“Brainstorming has been the biggest issue for us, but in general the productivity has increased,” says Ryan Purvis, CIO with HiLo Maritime Risk Management of how there are certain activities that are just more effective in person. “It had to be something huge to push organizations along,” Owens adds of the change that has taken place, but all three CIOs believe there will be a continuation of the distributed enterprise, but with a more enhanced element of physical working - once it is safe to do so. 

“I think a lot of people are looking forward to going back to the office. In the first lockdown, many enjoyed not commuting, but now I am seeing a real swing in opinion back to the cities,” Owens reveals. Carpenter agrees: “Everyone was in jubilation in lockdown one, but you have to think about the workforce as a whole, there are a lot of people that don’t have the right level of comfort to do their work. But the days of people in an office en masse is over,” he says. Owens and Purvis both added that they are seeing worrying levels of illness as people find the lockdowns increasingly hard on their families, jobs and communities.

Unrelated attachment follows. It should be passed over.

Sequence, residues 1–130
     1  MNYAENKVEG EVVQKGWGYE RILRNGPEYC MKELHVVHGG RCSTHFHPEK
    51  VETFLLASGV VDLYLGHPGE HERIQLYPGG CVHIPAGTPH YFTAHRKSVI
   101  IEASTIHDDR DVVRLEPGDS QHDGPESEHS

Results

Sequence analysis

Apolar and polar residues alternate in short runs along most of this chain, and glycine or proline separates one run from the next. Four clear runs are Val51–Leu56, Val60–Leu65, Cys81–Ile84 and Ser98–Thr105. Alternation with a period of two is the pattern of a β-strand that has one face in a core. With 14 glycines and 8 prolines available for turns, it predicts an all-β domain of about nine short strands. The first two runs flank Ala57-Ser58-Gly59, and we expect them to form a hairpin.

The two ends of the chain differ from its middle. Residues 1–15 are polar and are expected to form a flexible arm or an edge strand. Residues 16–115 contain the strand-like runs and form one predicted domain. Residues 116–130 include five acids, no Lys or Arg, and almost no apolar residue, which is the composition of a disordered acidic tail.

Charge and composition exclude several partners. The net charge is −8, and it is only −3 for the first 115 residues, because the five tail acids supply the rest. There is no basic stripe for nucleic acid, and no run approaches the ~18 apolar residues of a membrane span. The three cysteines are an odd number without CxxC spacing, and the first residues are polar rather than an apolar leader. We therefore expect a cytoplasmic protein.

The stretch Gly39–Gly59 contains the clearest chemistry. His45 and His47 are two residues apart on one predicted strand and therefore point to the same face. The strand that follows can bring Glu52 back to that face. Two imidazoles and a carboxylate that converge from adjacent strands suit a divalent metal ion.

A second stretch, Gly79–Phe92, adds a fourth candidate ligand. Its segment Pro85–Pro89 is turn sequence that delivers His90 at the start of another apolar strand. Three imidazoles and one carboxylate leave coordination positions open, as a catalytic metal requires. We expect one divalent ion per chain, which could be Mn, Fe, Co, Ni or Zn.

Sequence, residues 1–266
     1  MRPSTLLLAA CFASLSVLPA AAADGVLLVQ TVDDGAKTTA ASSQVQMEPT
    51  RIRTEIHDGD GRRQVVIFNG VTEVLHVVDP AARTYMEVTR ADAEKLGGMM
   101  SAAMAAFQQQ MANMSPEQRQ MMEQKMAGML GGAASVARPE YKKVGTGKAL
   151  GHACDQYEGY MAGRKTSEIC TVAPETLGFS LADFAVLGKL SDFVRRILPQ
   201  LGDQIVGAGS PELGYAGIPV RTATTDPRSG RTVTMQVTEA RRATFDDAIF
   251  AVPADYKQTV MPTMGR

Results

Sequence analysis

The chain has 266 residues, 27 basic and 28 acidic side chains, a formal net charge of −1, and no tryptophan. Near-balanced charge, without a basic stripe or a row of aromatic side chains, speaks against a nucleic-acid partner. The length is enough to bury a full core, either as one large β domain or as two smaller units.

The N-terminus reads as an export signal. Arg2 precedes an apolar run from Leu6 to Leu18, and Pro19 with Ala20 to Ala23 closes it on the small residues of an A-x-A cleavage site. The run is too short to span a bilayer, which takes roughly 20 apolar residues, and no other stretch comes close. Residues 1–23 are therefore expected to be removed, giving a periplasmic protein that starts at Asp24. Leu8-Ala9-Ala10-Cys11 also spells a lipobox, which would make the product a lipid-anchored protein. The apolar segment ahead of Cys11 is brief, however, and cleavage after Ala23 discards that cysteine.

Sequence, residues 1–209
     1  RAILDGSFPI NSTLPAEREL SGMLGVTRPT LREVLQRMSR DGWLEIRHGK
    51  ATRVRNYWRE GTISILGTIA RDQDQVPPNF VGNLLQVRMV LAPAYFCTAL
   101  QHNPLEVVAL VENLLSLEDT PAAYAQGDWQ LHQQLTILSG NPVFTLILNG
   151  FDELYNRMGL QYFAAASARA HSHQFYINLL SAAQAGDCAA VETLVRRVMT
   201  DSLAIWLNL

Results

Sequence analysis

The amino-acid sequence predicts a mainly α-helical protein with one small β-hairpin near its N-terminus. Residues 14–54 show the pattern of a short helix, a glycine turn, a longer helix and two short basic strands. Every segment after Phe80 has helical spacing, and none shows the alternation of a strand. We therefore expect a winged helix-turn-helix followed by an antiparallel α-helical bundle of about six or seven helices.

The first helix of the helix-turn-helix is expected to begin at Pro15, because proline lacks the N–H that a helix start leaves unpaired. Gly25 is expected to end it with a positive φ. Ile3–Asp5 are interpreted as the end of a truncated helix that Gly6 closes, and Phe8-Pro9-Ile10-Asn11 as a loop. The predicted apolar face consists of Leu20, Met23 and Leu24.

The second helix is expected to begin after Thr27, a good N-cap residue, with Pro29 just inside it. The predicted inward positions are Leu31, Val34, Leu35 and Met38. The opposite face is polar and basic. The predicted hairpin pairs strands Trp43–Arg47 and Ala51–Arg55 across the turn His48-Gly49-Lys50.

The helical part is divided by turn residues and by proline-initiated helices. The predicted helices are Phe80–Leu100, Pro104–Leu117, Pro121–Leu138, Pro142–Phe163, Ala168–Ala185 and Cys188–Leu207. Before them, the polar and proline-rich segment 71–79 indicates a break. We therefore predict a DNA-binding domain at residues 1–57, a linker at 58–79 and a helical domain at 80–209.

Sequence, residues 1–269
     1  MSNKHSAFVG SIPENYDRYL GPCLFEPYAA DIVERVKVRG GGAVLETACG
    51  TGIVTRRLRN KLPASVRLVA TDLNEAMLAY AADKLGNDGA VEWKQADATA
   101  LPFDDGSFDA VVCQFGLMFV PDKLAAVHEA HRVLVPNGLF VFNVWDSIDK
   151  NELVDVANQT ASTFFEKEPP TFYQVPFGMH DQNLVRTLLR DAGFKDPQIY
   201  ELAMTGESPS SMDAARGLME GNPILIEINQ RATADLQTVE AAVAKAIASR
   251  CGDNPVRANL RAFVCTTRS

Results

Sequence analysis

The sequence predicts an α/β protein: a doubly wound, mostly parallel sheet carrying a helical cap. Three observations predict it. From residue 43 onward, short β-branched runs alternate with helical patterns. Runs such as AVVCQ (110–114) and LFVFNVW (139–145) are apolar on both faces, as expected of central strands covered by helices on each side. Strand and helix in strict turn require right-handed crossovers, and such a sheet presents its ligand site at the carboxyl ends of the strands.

Businesses are benefiting from the change in culture though. Initially, there were fears that a distributed enterprise would lead to a decrease in productivity. “We have had to adapt and simplify our processes and try to cut back on bureaucracy as much as possible, and that is a nice thing to do,” Purvis says. Carpenter says the health sector has been on a similar journey to maritime risk. “In the NHS there has been a definite shift to less bureaucracy, and it has led to a ‘lets get this done’ attitude. In the past, there was always a concern about failure. That means cutting across processes, less release forms, and just focusing on the service. So there is a lot more pragmatism,” he says.

Business methods like Agile standups have also been proven to work in the distributed enterprise says Owens. “People always said you had to be there in person, but we have developed a product road map online, so it has been good for people to trust and challenge their beliefs,” she says. 

New Leadership Methods